The crack is about four or six inches wide in places, & at the bottom, about sixty feet below, in a globe of light shed by a lamp is...Wakana! Their guide, the Geiko girl assigned to them, who was dragged away by...something. They talk about her, at first, rather than to her, but she heard them & confused (& with bloody hands) she calls out for them. "Mio? Keku?" She was whisked away in the dark, & in in a wet sort of subterranean vault of a similar archeological provenance to the dungeon they are currently in; she got the lamp from one of the wall scones below. "I'm so afraid," she keeps repeating. "I'm so afraid of it." Mio asks "who are you afraid of?" & I've snuck around the game table to lean in close & whisper in Mollie's ear "ME!" just as Wakana's lamp is snuffed & she disappears into the darkness with a shriek.

& so, to the hidden door they'd discovered previously. There is a false wall in the antechamber to the cells, that leads to a secret passage. A panic room, writ large; a series of hidden chambers for the castle's aristocrats to hide in in case a siege goes badly. A place where they could live in secret even while the castle was occupied (an idea inspired by Castle Waiting. There is a round turret of stairs to descend, as there was coming down from the ruined castle up top; the wood & brick construction of the "Haunted Castle" clearly a remodeled addition to the stone floors & walls of the older, lower levels. Here, however, the elements have begun to take their toll. The stairs are half ramp, as fallen dirt & crumbling rock have turned sections into uneven piles of debris. Down they go to another circular antechamber, & they listen. From one direction-- the way that Ren's sense of direction indicates Wakana was-- they hear dripping water; from the other, the faint brush of a breeze. (Mio & Haru have both been poisoned, & I've been having them roll a d10 periodically. If they roll a 1, they get a point of damage, if they roll a 10, it clears from their system; they both roll 10s before rolling a 1.)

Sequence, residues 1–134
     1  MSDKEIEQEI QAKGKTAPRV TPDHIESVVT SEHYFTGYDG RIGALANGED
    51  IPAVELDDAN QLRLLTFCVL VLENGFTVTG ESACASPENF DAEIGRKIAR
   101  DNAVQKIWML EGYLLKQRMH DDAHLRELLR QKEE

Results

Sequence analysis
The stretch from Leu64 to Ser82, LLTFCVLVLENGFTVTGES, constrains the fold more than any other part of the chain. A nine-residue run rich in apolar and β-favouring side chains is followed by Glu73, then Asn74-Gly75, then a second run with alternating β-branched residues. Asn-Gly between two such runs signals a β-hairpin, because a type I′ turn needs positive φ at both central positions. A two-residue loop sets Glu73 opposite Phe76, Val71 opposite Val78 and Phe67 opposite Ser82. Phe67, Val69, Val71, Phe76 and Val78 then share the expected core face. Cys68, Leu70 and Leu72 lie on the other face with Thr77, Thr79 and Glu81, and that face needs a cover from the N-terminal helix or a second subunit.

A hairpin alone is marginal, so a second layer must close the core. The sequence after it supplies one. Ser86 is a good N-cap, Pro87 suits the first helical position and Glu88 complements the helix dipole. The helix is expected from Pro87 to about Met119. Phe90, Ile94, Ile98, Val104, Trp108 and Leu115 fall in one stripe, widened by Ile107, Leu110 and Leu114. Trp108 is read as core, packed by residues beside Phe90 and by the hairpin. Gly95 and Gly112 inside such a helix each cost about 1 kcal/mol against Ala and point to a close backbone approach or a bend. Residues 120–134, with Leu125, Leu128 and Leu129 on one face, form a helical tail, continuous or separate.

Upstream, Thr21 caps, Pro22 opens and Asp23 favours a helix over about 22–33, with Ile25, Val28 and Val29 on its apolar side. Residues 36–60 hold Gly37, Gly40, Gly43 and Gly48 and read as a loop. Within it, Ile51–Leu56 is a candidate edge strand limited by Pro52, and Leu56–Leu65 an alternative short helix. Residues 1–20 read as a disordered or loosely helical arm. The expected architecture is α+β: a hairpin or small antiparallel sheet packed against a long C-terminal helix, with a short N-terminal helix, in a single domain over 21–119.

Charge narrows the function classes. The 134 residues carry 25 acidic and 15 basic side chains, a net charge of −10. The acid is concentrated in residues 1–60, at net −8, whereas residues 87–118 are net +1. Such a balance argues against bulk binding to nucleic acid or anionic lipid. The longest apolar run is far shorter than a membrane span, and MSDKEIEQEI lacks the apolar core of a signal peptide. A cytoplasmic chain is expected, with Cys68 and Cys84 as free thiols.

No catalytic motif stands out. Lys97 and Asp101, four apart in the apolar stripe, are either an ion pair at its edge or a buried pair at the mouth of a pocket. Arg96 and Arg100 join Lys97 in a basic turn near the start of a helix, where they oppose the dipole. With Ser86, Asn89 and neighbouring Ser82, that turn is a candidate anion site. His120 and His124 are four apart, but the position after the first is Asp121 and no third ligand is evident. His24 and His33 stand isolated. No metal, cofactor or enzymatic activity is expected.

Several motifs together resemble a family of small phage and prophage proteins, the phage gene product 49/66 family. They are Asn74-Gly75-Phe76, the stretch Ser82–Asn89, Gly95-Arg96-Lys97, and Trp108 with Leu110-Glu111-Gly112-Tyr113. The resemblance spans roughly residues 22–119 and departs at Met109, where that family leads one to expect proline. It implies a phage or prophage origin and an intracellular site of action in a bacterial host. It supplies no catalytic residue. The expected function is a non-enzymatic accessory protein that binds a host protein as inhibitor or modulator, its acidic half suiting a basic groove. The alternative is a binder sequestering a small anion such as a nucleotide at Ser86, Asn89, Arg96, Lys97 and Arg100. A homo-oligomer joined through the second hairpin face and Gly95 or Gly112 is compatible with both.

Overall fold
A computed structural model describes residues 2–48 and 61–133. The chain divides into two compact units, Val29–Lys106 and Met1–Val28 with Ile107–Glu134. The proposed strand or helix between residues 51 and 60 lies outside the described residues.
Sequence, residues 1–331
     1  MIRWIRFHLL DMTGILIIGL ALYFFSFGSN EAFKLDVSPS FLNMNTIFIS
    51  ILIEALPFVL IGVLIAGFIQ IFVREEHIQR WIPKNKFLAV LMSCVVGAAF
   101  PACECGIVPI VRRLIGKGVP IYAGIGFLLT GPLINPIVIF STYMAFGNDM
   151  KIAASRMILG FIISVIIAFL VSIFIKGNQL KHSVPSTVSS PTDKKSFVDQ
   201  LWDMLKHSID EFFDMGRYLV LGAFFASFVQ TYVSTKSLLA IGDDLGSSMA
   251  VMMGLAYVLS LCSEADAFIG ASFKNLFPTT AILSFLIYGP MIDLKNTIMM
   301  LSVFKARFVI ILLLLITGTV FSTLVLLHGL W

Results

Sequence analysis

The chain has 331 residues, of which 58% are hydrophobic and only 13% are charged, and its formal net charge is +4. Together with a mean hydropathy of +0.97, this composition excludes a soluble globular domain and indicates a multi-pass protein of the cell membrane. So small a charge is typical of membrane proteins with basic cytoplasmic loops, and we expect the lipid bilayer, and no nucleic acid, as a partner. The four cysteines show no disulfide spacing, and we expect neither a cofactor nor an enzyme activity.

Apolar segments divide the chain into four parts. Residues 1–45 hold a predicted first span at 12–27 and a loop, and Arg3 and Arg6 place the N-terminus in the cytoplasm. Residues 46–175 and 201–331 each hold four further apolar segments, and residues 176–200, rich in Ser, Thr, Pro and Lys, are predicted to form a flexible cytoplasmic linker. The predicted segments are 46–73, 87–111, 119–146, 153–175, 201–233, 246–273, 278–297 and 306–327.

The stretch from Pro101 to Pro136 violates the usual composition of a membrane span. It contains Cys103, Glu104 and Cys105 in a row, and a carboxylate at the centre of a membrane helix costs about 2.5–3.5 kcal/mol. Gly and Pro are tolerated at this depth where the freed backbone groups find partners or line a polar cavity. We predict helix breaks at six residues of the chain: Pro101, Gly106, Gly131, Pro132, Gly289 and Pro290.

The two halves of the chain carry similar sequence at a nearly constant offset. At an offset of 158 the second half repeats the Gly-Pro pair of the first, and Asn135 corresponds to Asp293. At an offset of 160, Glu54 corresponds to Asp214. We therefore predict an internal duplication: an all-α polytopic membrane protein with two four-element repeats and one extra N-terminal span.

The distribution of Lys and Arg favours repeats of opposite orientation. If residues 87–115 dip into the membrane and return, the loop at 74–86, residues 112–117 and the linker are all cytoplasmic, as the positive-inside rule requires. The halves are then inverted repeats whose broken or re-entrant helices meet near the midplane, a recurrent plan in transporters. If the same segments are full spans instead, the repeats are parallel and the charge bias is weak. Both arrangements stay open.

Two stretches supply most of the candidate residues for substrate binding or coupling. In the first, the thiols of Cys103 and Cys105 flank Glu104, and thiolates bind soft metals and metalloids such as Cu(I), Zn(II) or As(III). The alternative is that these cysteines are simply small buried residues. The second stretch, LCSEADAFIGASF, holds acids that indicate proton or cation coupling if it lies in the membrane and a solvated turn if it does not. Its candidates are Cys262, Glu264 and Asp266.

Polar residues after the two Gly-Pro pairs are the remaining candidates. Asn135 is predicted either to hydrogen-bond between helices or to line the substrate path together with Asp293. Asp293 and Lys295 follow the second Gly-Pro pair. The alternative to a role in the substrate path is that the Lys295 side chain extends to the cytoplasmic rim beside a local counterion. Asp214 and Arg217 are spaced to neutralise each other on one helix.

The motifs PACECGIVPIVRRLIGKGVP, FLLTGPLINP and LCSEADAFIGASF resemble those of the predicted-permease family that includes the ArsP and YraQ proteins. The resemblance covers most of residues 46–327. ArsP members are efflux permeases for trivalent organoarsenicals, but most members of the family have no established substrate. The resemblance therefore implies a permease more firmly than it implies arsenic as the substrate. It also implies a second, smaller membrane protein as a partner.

The room they choose is the one with water. Down a hallway, walls slick with moisture, into a room which, lit by their torches (cobbled together from bones & burlap) & a lamp, they see...letters, scratched into the walls, covering the place. A brief note on written language: not everyone is literate, but those that are largely use the "Woman's Kana," a phonetic script. This is in the "Imperial Ji," the logographic script that the ruling bureaucracy use. The Kuge caste exist in large part to fill this role, so Haru can follow along. Strangely, the characters seem to be...fluid, evolving, mutated. New, alien radicals infecting the symbols, strange characters imbued with a cold reptillian logic...Keku's robotic eye starts singling out these strange bits & pieces, with a running commentary in the hieroglyphic language of Al-Kem. An infectious language (a la The Invisibles) that is merging with the host language of the Imperial Ji. The two of them are able to piece it together, in parts. "Pistomere" it says here, which is the smells of a crushed ant. "Formic acid" says Moe. (Perhaps inspired by "petrichor"?) Then a name, a Shogunate name, "Kaito." The word "widdershins," & seeing that Haru turns counter-clockwise, to see a "✡" a hexagram shape. "Kagome" means "basket," in particular a certain woven basket, whose slats interlock in a hexagram.

Haru starts singing "Kagome kagome, the bird in the cage, when, oh when will it come out, in the night of dawn, the snake & the monkey slipped, who is it in front of behind!, & the rest start singing with him (except Keku). As they sing, unbeknownst to Haru, they start seeing his belly swell, as through he was pregnant in fast-forward. Judging from the looping coils pressing against his belly, pregnant with a stomach-full of snakes! "Uh, Haru..." say Ren & Moe, but he ignores the, still singing...until the sound of the song is cut off by retching & he vomits up a snake, tail first (to Luke, I whisper, "as the head finally comes out at last, you see that it has a human face.") The serpent, slick with bile & mucus, slithers quickly for a crevice in the wall; Ren darts after it, all quickness, & grasps it, only to have it slither slickly out of his hands. The crack it crawls away into seems to be stuffed full of something, however-- a tsuba, the hilt of a katana or wakizashi, made of twisting snakes, & a netsuke, a sort of pouch fastener that traditionally are created as objects of beauty; this one a spherical mass of entwined serpents.